Newton’s law of Gravitation:

  1. Everybody in the universe attracts other bodies towards its centre. The force of attraction between two bodies is directly proportional to the product of their masses and inversely proportional to the square of distance between their centers

    F \propto \dfrac{m_1 m_2}{r^2}

    F=G \dfrac{m_1 m_2}{r^2}

    Where G=6.67×10^{-11} Nm^2/kg^2 is called universal gravitational constant whose value remain same at all the places and for all bodies but depends on system of units.

  2. \textbf{Gravitational Force:}

    (1) Always attractive, conservative and central force depending upon the masses of the bodies but is independent of medium and presence of any other bodies nearby.

    (2) It acts along the line joining the centers of the bodies.

    (3) It produces action and reaction and hence obeys Newton’s third law of motion.

    (4) It is effective for large distance (Nuclear force is effective only for some very small distance.

    (5) Comparison of strength :

    It is weaker than nuclear, electric and magnetic forces but stronger than intermolecular force.

    (6) It exists between any pair of bodies throughout the universe.

    Consequence of gravitational force being a central force: Angular momentum of any heavenly body is constant as torque becomes zero relative to sun.

  3. \textbf{Weight}

    The weight of a body is the total gravitational force exerted on the body by all other bodies in the universe. When the body is near the surface of the earth, we can neglect all other gravitational forces and consider the weight as just the earth’s gravitational attraction. At the surface of the moon we consider a body’s weight to be the gravitational attraction of the moon, and so on.

    It is a vector quantity. It is always directed towards the centre of the planet.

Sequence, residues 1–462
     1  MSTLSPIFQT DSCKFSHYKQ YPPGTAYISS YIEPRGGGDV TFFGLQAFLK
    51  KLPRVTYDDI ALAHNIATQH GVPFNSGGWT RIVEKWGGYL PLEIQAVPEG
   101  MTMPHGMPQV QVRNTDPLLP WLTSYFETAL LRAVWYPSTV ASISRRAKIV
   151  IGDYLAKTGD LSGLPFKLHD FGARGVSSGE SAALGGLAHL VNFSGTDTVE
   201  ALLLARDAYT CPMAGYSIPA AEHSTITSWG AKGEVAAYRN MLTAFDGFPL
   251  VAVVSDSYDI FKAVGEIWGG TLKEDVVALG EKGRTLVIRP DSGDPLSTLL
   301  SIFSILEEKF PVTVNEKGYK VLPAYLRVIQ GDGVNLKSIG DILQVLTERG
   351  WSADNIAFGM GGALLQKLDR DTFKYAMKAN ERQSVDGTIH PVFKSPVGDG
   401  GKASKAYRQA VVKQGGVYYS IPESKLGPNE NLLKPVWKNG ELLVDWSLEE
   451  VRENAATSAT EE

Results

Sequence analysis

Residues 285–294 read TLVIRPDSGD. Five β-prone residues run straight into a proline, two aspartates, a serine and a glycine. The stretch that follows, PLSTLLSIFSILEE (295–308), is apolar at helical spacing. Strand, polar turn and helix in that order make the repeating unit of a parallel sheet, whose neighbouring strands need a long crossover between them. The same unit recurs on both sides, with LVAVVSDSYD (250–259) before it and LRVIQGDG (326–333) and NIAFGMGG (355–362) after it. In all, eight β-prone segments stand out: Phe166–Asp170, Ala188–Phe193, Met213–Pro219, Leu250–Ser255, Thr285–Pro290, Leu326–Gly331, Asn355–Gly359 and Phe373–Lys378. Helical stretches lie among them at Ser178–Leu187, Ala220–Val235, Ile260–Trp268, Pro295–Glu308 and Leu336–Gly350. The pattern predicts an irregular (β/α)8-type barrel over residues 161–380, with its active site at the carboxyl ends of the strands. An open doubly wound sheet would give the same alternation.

It holds the atmosphere around the earth.


    W = mg

    Where m = mass of the body

    g = acceleration due to gravity on the surface of that heavenly body

    for earth g = 9.8m/s^2

  4. \textbf{Acceleration due to gravity (g)}

    It is the acceleration produced by Earth or planets towards centre of itself.

    It is a vector quantity.

    According to Newton’s law of motion ( 2nd law), force of gravity is F=mg………….(1)

    And we have, F=\dfrac{GMm}{r^2}

    Where m is the mass of the body

    So, comparing we get, g=\dfrac{GM}{r^2}

    If a body is at the surface of earth, then

    g=\dfrac{GM}{R^2} Where r=R is the radius of this earth

    M is the mass of planet or earth

    In terms of density:

    Also g=\dfrac{4}{3} \pi G \rho R

    Where \rho is the density of earth/planet The value of g does not depend upon mass size and shape of the body.

Variation of g:

  1. Equatorial radius of the earth is about 21 km more than the polar radius so, according to g \propto \dfrac{1}{R^2} , value of g at poles is greater by 0.018m/s^2 (1.8 cm/s^2) than that at the equator.

  2. \textbf{Due to rotational motion of the earth:}

    If the earth rotates about an axis with angular velocity(ω), then effective g on a body at latitude θ is given by:

    g_{eff} =g'-Rω^2 cos^2⁡θ

    • At equator; i.e. θ=0^{\circ}


    Δg=g-g_{eff} =Rω^2=0.034m/s^2

    • At poles,


    i.e g_{eff} =g-0=g (i.e. No rotational effect at poles)

  3. \textbf{Due to height above the earth’s surface:}

    Acceleration due to gravity at a height from the earth’s surface is given as:

    Acceleration due to gravity at a height from earth's surface is given by:

    g' = \dfrac{GM}{(R+h)^2}

    where, h = height of the body above the earth's surface